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Wechsler Adult Intelligence Scale

Wechsler Adult Intelligence Scale or WAIS is a general test of intelligence (IQ), published in February 1955 as a revision of the Wechsler-Bellevue test (1939), a battery of tests that is composed from subtests Wechsler "adopted" from the Army Tests (Yerkes, 1921). Wechsler defined intelligence as "The global capacity of a person to act purposefully, to think rationally, and to deal effectively with his/her environment."[1]



The full scale IQ test is broken down into 14 sub tests, comprising the verbal (7 sub tests) and performance scales (7 sub tests).

Wechsler's tests provide three scores:

  1. a verbal IQ (VIQ)
  2. a performance IQ (PIQ)
  3. a composite, single full-scale IQ score based on the combined scores.

WAIS-R was standardised in 1981 on a sample of 1,880 US subjects, ranging from 16 to 74 years of age, broken down into 9 different age groups. It is considered to have very strong reliability. The current version is WAIS-III (1997). WAIS-IV is currently undergoing national standardization and slated for release in late 2008.

The median full-scale IQ is centered at 100[2], with a standard deviation of 15. In a normal distribution this IQ range (1σ above and below the mean) is where approximately 68% of adults would fall.

Test variants

The WAIS-III measure is appropriate throughout adulthood and for use with those individuals over 74 years of age. For persons under 16, the Wechsler Intelligence Scale for Children (WISC, 6-16 yrs) and the Wechsler Preschool and Primary Scale of Intelligence (WPPSI, 2 1/2-7yrs, 3mos) are used. An IQ score can be obtained without administering the verbal section of the test since each section yields its own score.

A short, four-subtest, version of the battery has recently been released, allowing clinicians to form a validated estimate of verbal, performance and full scale IQ in a shorter amount of time. The Wechsler Abbreviated Scale of Intelligence (WASI) uses the vocabulary, similarities, block design and matrix reasoning subtests of the WAIS to provide an estimate of the full IQ scores.

Intelligence tests also are used in populations with psychiatric illness or brain injury, though some regard this use as controversial. Some neuropsychologists use the technique on people suffering brain damage as it leads to links with which part of the brain has been affected, or use specific subtests in order to get an idea of the extent of the brain damage. For example, digit span may be used to get a sense of attentional difficulties. Others employ the WAIS-R NI (Wechsler Adult Intelligence Scale-Revised as a Neuropsychological Instrument), another measure published by Harcourt. Each subtest score is tallied and calculated with respect to non-normal or brain-damaged norms. As the WAIS is developed for the average, non-injured individual, separate norms were developed for appropriate comparison among similar functioning individuals[citation needed].

14 subtests of the WAIS-III

Verbal Subtests

Degree of general information acquired from culture (e.g. Who is the president of Russia?)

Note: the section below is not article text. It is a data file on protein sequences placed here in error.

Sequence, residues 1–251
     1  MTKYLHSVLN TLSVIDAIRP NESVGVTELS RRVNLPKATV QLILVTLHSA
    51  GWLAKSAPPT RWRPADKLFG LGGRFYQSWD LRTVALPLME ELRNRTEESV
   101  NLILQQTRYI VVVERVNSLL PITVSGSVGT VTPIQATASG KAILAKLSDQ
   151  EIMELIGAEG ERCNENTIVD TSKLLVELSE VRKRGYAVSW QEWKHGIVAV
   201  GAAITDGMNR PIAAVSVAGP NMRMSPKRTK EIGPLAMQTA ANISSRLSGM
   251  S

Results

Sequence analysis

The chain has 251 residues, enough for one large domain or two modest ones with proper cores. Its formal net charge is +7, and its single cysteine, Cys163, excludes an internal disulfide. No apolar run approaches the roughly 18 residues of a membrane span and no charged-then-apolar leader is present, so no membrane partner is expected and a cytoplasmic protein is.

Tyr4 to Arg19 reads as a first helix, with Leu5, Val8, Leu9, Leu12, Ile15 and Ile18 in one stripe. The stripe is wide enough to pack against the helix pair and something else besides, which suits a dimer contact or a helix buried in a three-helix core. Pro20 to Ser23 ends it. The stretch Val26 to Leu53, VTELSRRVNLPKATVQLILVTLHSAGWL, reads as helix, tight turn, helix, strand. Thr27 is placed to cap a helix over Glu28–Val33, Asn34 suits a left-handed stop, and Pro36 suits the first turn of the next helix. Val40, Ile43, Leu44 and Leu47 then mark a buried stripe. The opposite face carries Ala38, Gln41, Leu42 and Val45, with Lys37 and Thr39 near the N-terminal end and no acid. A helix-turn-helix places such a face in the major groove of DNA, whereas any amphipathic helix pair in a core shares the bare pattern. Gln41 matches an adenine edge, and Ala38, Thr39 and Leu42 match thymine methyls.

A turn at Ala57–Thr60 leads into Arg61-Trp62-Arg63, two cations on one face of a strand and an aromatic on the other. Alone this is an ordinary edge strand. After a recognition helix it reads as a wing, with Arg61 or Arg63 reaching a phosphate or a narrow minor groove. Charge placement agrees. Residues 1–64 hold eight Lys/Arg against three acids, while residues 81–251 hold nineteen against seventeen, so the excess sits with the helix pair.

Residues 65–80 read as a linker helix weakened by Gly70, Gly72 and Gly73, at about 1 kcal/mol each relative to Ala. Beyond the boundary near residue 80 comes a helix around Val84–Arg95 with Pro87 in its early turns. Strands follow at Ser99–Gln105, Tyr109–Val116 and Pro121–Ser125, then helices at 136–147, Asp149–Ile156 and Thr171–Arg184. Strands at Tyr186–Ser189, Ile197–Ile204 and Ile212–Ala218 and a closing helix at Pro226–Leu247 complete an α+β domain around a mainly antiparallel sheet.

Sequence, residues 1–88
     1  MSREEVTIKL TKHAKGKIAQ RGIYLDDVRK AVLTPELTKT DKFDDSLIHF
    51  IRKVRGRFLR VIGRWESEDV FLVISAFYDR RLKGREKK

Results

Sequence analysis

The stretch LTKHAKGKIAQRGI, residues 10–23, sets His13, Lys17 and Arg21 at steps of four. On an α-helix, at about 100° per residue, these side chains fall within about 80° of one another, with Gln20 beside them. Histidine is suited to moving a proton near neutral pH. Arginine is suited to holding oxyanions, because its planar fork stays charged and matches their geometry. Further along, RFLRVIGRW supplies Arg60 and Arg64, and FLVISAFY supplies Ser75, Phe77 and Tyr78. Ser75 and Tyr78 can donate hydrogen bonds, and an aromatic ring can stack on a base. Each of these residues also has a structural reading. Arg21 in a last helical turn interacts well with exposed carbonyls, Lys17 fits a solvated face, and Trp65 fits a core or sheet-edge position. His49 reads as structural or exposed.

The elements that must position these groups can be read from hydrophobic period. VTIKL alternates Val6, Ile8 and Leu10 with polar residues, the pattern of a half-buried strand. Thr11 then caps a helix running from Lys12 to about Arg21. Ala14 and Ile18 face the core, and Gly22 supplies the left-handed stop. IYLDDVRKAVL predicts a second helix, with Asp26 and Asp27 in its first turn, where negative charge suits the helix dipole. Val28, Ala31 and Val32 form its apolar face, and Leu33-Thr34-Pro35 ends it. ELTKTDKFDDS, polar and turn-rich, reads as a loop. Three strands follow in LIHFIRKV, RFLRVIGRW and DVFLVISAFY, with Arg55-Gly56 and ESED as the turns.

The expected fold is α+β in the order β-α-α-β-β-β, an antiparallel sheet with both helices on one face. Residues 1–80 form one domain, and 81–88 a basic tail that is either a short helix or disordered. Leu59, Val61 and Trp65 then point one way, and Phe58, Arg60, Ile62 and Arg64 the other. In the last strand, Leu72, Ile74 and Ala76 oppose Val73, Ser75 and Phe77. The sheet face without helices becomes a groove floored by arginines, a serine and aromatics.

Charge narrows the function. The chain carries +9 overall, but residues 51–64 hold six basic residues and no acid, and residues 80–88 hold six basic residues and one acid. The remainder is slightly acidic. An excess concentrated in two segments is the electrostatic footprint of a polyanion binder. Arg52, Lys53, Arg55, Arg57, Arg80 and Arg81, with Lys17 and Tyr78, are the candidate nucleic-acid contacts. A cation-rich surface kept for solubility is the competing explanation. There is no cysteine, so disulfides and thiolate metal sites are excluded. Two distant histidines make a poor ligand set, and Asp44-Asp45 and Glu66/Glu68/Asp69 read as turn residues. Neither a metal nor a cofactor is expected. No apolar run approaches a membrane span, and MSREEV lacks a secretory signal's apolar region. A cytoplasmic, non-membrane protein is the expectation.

Ability to deal with abstract social conventions, rules and expressions (e.g. What does "Kill 2 birds with 1 stone" metaphorically mean?)
Concentration while manipulating mental mathematical problems (e.g. How many 45c. stamps can you buy for a dollar?)
Abstract verbal reasoning (e.g. In what way are an apple and a pear alike?)
The degree to which one has learned, been able to comprehend and verbally express vocabulary (e.g. What is a guitar?)
Digit span
attention/concentration (e.g. given the sequence of digits '123', reverse the sequence.)
Letter-Number Sequencing
attention and working memory (e.g. Given Q1B3J2, place the numbers in numerical order and then the letters in alphabetical order)

Performance Subtests

Picture Completion
Ability to quickly perceive visual details
Digit Symbol - Coding
Visual-motor coordination, motor and mental speed
Block Design
Spatial perception, visual abstract processing & problem solving
Matrix Reasoning
Nonverbal abstract problem solving, inductive reasoning, spatial reasoning
Picture Arrangement
Logical/sequential reasoning, social insight
Symbol Search
Visual perception, speed
Object Assembly
Visual analysis, synthesis, and construction

Optional post-tests include Digit Symbol - Incidental Learning and Digit Symbol - Free Recall.

WAIS-III Subtests Grouped According to Indices

In addition to the Verbal and Performance IQ scores, the following four indices are derived.

Verbal comprehension

  • Vocabulary
  • Information
  • Similarities

Perceptual organization

  • Picture Completion
  • Block Design
  • Matrix Reasoning

Working memory

Processing speed

  • Digit Symbol-Coding
  • Symbol Search

Note: Picture Arrangement, Comprehension, and Object Assembly do not contribute to the Index Scores

See also


  1. ^ Weschler, David (1939). The measurement of adult intelligence. Baltimore: Williams & Wilkins, 229. 
  2. ^ Distribution of IQ Scores. MSN Encarta. Retrieved on 2007-07-08.
This article is licensed under the GNU Free Documentation License. It uses material from the Wikipedia article "Wechsler_Adult_Intelligence_Scale". A list of authors is available in Wikipedia.
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